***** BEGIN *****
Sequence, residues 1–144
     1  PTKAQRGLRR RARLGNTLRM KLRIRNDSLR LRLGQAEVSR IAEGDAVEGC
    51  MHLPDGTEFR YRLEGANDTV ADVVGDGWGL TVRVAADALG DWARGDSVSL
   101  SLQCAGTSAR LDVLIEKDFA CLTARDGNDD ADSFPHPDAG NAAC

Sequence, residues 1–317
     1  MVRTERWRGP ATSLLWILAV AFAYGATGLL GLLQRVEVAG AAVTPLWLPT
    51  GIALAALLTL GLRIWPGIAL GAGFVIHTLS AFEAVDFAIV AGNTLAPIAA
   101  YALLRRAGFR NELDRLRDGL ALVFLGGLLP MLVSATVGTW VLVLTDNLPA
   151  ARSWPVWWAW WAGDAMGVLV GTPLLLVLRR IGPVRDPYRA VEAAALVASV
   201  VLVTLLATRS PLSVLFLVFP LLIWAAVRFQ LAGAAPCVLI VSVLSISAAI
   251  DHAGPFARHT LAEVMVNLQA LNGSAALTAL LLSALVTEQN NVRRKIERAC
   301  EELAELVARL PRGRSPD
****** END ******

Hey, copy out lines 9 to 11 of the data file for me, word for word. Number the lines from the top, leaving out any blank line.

   151  ARSWPVWWAW WAGDAMGVLV GTPLLLVLRR IGPVRDPYRA VEAAALVASV
   201  VLVTLLATRS PLSVLFLVFP LLIWAAVRFQ LAGAAPCVLI VSVLSISAAI
   251  DHAGPFARHT LAEVMVNLQA LNGSAALTAL LLSALVTEQN NVRRKIERAC